And they like it. Sitting at Wendy's with it, it draws attention from traffic like you would not believe. One man sat in traffic for the better part of 10 minutes to pull into the lot to get a closer look. He walked around it no less than three times, after which he scratched his head and looked around as if he thought he heard the car say something. With no one around him to verify that with, he maintained his puzzled look and made one last walk around it before driving back to where he came from...

Down on the western end of St Croix a simple photo shoot turned into an event. If you were stuck in traffic there please accept my apologies. I was busy explaining to them that it was NOT a McLaren, NOT a kit car, and that it REALLY WAS built by a man that lives on St Croix.And it's his vision, Warren Mosler's.

It's his idea of how to build a proper performance car. In a day and age where cars were getting heavier, more artificial and most distressingly- slower- this was his correction for the market.

It's a car ahead of it's time. He claims it's the first federally street legal composite monocoque car, having been on the roads years before the McLaren F1. You won't believe this but it's actually 20 years old. Yes, all that composite work, the engine, the rocker suspension design, everything... 20 years old.

Indeed, not bad. People loved to see it. And Hear it. And look around it. And under it. The overall stance is race-car simply because of its proportions. It's not a tall car, and it's evident that the engine is mid-mounted with careful air ducting. Not much time was spent putting the car before consumer focus groups.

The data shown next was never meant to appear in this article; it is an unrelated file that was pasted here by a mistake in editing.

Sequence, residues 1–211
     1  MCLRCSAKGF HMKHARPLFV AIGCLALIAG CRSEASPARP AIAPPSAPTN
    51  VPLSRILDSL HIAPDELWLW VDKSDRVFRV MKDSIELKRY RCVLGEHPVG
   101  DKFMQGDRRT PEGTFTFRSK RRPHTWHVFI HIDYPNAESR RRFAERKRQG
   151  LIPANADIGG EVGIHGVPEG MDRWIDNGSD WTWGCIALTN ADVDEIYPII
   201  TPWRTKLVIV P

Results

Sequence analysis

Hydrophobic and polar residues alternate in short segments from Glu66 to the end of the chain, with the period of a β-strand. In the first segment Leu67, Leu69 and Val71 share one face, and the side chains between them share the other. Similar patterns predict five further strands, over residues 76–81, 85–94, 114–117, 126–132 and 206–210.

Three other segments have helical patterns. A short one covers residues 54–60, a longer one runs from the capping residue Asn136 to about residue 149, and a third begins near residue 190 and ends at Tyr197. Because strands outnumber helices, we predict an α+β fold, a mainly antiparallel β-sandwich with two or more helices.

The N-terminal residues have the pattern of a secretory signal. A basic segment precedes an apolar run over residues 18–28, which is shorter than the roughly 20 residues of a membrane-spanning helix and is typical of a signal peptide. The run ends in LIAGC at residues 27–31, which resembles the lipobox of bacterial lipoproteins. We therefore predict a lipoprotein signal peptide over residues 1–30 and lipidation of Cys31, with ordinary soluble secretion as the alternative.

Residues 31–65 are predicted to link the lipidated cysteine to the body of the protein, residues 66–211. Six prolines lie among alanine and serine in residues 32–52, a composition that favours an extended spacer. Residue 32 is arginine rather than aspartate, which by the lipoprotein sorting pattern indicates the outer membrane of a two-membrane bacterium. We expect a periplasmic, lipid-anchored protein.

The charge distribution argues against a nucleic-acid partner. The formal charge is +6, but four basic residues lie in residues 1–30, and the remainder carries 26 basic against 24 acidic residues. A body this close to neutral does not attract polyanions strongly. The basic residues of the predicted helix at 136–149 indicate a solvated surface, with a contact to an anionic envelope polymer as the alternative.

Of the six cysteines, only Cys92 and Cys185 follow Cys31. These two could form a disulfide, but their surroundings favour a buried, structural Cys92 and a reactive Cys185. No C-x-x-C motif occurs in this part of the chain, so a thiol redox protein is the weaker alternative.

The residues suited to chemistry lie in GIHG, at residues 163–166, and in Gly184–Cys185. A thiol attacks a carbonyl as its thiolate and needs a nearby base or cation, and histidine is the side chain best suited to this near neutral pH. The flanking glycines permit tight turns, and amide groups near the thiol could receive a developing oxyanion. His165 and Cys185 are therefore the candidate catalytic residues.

Actually no time was spent with focus groups. The details confirm the functional appearance: it's radiator is rear mounted, helpful in endurance races where you don't want to risk damage to it. Fans mounted to the rear pull air through the radiator when you're at a stop. The bottom rear holds a diffuser to help airflow. The odd shape of the cabin allows easy entry and very high structural strength, yet at the same time centralizes lateral weight.

The car was designed for 15" wheels but wears 16" lightweight OZ Racing wheels with fat Michelin Pilot Sport Exalto tires to help adapt the car to the St Croix roads without sacrificing grip. The car's suspension is also raised to provide about six inches of ground clearance. The results work: it's easy to drive the car over large speed bumps in Sunny Isles or down at the beaches in Frederiksted. It's also easy to navigate the large dips in the roads of Green Cay and South Shore...

But I'm getting ahead of myself. In person the car feels unique and purposeful in all aspects, before you even touch it. It feels exotic. Not in a Pagani Zonda sense, but in the sense that you know you've never dealt with anything like it before. The feeling is reinforced as soon as you look to get inside it...

When you open the door you realize the entry way is smaller than most cars. It's not too big of a problem though because the roof is narrow, allowing you to get in with relative ease. All you need to do is put one leg in and drop into the seat. Pretty simple. Getting out can be trickier as you manage your weight however. You don't want to hit your head on the door as you exit. You'll look like a fool in front of the dozen or so people that will be staring at you at the gas station.